Two years ago, the Tax Cuts and Jobs Act of 2017 substantially overhauled the Internal Revenue Code. Previous reform of this magnitude last occurred with the Tax Reform Act of 1986. The circumstances surrounding the enactment of these two pieces of legislation present a case study for contrasting political philosophies and underscore why the 1986 law lasted for more than 30 years, while the days may already be numbered for the 2017 law.

Deliberation leading up to the Tax Reform Act of 1986 occurred in the wake of the early 1980s recession. Ronald Reagan was president. Republicans controlled the Senate and Democrats the House. The political tone was one of begrudging cooperation. All recognized the Internal Revenue Code needed reform, and both sides were willing to compromise for the greater good. To be sure, scoring political points was key for both parties, but was not the end goal.

On the day President Reagan signed the Tax Reform Act, the New York Times ran the headline: “A Tax Bill for the Textbooks,” and commented that “[f]or years to come, students of politics will look to the odyssey of the new tax law as a prime example of how the American system of government gets things done.” It was a protracted and belabored legislative process. After 33 days of public hearings in the House Ways and Means Committee, involving more than 450 witnesses, House Democrats considered the initial reform bill, but lacked support from all party members. It also lacked support from Republicans. The bill could have been dead on arrival, but President Reagan promised a veto if it arrived “without significant changes.” House Republicans complied and got a bill passed.

The Republican-controlled Senate began consideration of its version with an agreement that all amendments would be revenue-neutral. Any proposal that would lose revenue for the government, (e.g. new deductions or credits) would have to be offset by a corresponding increase in revenue elsewhere (e.g. raising rates or eliminating another deduction or credit). After three weeks of floor debate, the Senate gave bipartisan approval: 97-3. In a grudge match of political will and substantial give-and-take, 11 senators and 11 House representatives from both parties hashed out the final version during conference committee. President Reagan signed the law Oct. 22, 1986, surrounded by leaders from both parties. He called it “the best antipoverty bill, the best pro-family measure and the best job-creation program ever to come out of the Congress of the United States.”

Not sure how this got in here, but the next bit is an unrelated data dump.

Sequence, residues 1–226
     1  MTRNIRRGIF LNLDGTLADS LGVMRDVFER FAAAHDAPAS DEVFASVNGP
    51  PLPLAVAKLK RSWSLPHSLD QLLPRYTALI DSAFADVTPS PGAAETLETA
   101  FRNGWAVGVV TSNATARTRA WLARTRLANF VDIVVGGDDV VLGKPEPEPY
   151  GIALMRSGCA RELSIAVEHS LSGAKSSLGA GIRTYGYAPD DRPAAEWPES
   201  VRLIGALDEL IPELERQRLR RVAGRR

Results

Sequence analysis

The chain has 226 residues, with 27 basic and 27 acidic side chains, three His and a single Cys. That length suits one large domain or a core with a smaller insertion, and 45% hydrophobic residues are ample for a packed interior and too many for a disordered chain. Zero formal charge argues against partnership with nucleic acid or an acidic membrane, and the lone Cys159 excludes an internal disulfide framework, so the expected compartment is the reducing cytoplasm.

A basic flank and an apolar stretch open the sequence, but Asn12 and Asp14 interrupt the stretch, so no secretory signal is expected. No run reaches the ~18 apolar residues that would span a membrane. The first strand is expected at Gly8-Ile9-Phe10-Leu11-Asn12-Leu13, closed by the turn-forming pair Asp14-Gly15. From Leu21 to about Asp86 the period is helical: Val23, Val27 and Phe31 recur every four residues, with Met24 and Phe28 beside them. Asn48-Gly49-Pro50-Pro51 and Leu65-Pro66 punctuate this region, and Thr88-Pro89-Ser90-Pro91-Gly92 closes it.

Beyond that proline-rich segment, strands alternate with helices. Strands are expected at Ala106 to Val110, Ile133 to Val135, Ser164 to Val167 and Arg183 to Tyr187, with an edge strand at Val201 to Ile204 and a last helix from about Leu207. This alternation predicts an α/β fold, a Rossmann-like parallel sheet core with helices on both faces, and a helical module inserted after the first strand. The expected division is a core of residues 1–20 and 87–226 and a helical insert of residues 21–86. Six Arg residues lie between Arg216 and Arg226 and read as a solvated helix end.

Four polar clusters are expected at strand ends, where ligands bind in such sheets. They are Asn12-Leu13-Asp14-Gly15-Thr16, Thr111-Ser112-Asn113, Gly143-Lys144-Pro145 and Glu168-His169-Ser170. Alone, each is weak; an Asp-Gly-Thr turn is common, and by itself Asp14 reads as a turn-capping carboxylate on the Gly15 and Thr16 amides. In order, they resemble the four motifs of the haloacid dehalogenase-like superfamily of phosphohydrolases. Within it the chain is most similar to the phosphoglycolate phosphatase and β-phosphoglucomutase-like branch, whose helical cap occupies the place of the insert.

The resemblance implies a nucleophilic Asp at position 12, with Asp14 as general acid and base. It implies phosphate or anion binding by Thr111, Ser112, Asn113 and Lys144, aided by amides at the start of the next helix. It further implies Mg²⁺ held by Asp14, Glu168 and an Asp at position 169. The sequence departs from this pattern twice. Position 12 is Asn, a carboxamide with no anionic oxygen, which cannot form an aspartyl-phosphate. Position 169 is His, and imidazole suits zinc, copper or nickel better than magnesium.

The setting for the Tax Cuts and Jobs Act of 2017 was very different. A Republican in the White House and a Republican-controlled Congress provided no impetus for negotiation and compromise. The political environment was polarized, and while most agreed updates and revisions to the tax law were needed, motivation for reform seemed to be driven more by a desire to score a political win for the president and less to engage in meaningful tax reform that would last another 30 years.

Time was not a luxury that lawmakers enjoyed in 2017. The president set an arbitrary deadline: “a giant tax cut for Christmas.” This put tax reform on a rushed and partisan path. The 400-page House bill was introduced on Nov. 2, 2017. It passed through the Ways and Means Committee on a party-line vote just one week later. After another week, the House passed the bill without a single Democrat’s vote and with 13 Republicans voting against it. Not a single hearing was held.

The Senate bill was similarly rushed without a hearing. It passed out of the Senate Finance Committee on a straight party line and narrowly passed the Senate 51-49. No Democrat voted for the bill, and Tennessee Republican Bob Corker voted against it. After a hastened conference committee reconciled the two bills, the final version passed Dec. 15, 2017, and President Trump added his signature Dec. 22, 2017, surrounded only by Republican lawmakers.

The Tax Reform Act of 1986 was a bi-partisan effort that demanded sacrifice from all. No, it was not perfect, but it was good enough to remain largely intact for a generation. The Tax Cuts and Jobs Act is feebly propped up and will likely come undone when the pendulum of political power swings. Unfortunately, the precedent is now set for strictly partisan tax reform, and Democrats will be all too happy to engage in their own unilateral version, which will set the stage for a generation of uncertainty in tax laws.

Eric Smith serves as associate dean of Weber State University’s John B. Goddard School of Business & Economics. He graduated from Georgetown University Law Center with an LLM in taxation. He earned his bachelor’s in accounting from Weber State.

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